It is impossible not to be interested at the moment in how shaped we are by the usual routines of work and movements to and from the workplace and the home, as we give these routines up and establish new ways of living, most people making up new routines for themselves. Even the animals of the household adjust their routines, the hens including an afternoon session on the deck throughout April, when I sat there reading after lunch, the cat learning the new cues for feeding times. And then, talking to friends about their experiences, for different medical reasons, with steroids, I was struck by their different responses and about how shaped we are not only by our daily routines but by our ordinary levels of physical energy. One friend would almost prefer not to breathe easily than feel her personality changed on steroids, though to an observer she might seem simply more outgoing than usual and more energetic, another finds the regular withdrawal from steroids the hardest part of the treatment she is undergoing, suffering from the same loss of energy welcomed by the other. Perhaps the physical experience really is very different for each of them, but perhaps it is also a question of how they have shaped their personalities around their different characteristic energy levels, so that a rise in energy for one as much as a loss of energy for the other equally involves the dismantling of all their usual psychic defences. Defences is perhaps too judgemental a word for the construction of the self around how we live, which might involve more sitting or more movement which might in turn allow more or less reflection, more or less engagement with others, more or less reading and writing, drawing or dancing, which are not only the activities that add up to what a life is, around which we arrange the days we live in, but perhaps also determine our personality, the ways we manage moods, the times we think and the thoughts we avoid having, or have no need to have, the ways we find without even knowing it to become who we are.
We are mistaken to think of context as absolutely defined and defining by the external but it is almost trying to trick us, being so explicitly and visibly outside of us always (????) What we don't see (but can have thoughts and meta-thoughts about) is the way our environment elicits internal cues that interact with those already inside of us, and non-visible. So we carry around these two cloaks of invisibility that are just about one in the same in their wearing, or in the least they are always worn with one another, and we feel them there, on us, doing things to our body, maybe making us too hot if we wear them to bed or too itchy if they are put on right after a hot shower (or bath) on a freezing cold day... we know they are there but they are so quiet, their only loudness in our reflecting them when/after they do things to us and make things of us. Thinking such things is causing me to think of Pavlov's dog and how every day every person is making hundreds, perhaps thousands of new associations between the old and new, and new and new; between the activities that add up to what a life is and the components of the days that make up a life. I spent the most part of a walk with my sister last night lamenting my failed efforts to self-discover ~ my many many trials and many many many errors ~ and when I finally gave her a window to reply she said, "maybe you'll figure yourself out if you stop trying to figure yourself out so much" and I struggled to hear this because figuring myself out is a vocation, a calling if you will, but maybe she has a point. Maybe there is a point to not being able to point to everything that goes on and maybe it is the point of these unpointable things to point at us, instead.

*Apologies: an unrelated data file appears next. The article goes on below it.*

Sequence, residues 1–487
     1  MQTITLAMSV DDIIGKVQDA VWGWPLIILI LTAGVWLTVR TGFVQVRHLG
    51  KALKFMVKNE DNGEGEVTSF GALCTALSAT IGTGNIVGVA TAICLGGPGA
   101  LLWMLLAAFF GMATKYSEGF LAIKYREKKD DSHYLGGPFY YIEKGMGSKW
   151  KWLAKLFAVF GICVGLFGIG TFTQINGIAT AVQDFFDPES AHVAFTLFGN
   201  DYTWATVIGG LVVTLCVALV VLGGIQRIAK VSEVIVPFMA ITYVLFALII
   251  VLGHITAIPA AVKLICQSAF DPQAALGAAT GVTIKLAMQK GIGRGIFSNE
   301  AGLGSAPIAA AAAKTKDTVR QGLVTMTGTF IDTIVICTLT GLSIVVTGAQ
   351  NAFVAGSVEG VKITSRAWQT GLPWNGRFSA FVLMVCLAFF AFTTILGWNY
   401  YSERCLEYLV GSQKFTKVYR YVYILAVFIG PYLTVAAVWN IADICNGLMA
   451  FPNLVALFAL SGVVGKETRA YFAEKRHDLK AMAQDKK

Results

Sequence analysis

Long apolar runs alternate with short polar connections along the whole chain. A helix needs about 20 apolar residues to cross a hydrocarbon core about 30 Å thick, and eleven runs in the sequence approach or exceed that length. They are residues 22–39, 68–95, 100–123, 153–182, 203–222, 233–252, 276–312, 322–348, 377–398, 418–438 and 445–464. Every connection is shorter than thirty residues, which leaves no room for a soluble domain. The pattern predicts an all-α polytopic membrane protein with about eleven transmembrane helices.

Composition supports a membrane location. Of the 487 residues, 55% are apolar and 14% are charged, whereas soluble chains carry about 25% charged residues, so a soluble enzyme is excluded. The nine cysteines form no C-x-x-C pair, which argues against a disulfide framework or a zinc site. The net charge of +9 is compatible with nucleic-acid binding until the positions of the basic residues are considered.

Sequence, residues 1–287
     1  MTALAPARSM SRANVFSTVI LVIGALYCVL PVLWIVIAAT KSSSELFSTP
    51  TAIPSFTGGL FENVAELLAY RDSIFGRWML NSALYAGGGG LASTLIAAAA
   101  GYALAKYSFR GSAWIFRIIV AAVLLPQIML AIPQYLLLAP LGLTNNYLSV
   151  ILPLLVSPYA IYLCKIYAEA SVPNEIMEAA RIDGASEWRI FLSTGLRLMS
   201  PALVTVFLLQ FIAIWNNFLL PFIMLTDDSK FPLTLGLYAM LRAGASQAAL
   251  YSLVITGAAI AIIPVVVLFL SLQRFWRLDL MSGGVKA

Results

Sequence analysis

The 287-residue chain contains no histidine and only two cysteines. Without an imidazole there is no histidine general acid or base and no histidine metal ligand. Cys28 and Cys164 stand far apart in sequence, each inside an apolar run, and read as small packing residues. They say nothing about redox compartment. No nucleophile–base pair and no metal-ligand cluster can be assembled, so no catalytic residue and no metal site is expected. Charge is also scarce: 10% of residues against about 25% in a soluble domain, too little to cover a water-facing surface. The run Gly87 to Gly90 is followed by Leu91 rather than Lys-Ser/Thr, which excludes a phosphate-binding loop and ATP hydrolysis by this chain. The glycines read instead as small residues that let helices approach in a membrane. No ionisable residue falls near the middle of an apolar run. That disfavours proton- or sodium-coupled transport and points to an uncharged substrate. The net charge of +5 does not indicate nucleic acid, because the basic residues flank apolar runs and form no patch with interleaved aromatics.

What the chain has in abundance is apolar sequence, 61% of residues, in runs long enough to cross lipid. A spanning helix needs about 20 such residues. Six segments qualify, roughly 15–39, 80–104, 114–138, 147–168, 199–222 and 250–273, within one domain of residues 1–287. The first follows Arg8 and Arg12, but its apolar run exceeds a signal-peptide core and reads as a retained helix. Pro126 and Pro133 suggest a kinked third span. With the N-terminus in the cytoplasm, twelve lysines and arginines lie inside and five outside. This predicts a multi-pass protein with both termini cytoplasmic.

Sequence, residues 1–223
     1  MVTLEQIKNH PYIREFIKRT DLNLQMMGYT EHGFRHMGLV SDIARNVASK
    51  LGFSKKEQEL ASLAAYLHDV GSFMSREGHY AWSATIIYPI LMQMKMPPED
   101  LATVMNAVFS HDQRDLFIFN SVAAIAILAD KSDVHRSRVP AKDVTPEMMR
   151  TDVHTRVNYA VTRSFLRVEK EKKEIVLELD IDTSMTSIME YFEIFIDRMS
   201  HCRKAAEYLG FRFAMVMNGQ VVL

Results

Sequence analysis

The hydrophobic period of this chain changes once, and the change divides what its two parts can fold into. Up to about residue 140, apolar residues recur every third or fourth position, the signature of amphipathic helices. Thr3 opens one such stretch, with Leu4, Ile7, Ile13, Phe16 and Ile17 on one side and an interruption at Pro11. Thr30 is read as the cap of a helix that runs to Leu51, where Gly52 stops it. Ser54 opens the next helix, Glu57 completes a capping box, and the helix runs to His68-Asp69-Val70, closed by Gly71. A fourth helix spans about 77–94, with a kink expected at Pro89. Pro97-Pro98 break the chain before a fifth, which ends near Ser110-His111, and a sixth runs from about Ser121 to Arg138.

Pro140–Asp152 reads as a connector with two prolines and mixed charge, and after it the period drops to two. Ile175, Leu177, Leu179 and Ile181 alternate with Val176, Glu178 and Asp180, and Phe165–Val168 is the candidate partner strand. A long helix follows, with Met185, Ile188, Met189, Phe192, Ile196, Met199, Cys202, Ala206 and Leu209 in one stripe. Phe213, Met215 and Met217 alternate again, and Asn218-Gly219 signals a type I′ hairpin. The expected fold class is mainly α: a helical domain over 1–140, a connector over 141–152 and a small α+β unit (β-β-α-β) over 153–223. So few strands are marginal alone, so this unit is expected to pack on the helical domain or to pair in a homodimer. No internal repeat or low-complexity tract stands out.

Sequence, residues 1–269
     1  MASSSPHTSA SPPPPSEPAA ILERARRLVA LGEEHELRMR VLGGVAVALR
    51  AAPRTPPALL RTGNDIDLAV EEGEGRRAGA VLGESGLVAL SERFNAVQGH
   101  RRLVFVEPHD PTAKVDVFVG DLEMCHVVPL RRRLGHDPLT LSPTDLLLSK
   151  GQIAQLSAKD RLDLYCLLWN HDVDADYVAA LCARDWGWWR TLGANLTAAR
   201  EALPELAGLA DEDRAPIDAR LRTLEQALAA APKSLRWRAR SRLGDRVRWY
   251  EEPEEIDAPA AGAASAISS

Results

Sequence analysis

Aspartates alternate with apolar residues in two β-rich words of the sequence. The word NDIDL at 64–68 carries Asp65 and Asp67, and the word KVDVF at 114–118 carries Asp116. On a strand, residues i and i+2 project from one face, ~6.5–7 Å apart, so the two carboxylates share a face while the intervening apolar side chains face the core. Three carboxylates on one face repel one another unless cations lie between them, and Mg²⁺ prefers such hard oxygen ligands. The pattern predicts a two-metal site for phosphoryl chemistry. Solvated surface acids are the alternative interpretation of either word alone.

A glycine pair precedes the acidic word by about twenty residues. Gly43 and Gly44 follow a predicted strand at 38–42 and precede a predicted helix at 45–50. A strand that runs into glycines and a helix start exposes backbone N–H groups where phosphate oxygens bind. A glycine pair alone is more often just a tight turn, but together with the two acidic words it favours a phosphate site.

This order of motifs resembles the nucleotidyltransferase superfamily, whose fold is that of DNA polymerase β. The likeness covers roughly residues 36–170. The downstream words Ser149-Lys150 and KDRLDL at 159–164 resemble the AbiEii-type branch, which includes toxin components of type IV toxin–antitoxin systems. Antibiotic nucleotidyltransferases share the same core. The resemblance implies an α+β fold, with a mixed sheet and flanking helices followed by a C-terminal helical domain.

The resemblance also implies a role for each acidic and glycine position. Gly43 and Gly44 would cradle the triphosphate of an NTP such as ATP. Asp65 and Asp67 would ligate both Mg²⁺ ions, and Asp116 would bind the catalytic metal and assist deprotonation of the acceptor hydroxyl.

I like the idea of the unpointable pointing at us, and the idea of figuring yourself out as a way not to figure yourself out, but a way of figuring, certainly, which is a lovely way to live a life, especially when it includes walks with a sister, and windows for her replies!
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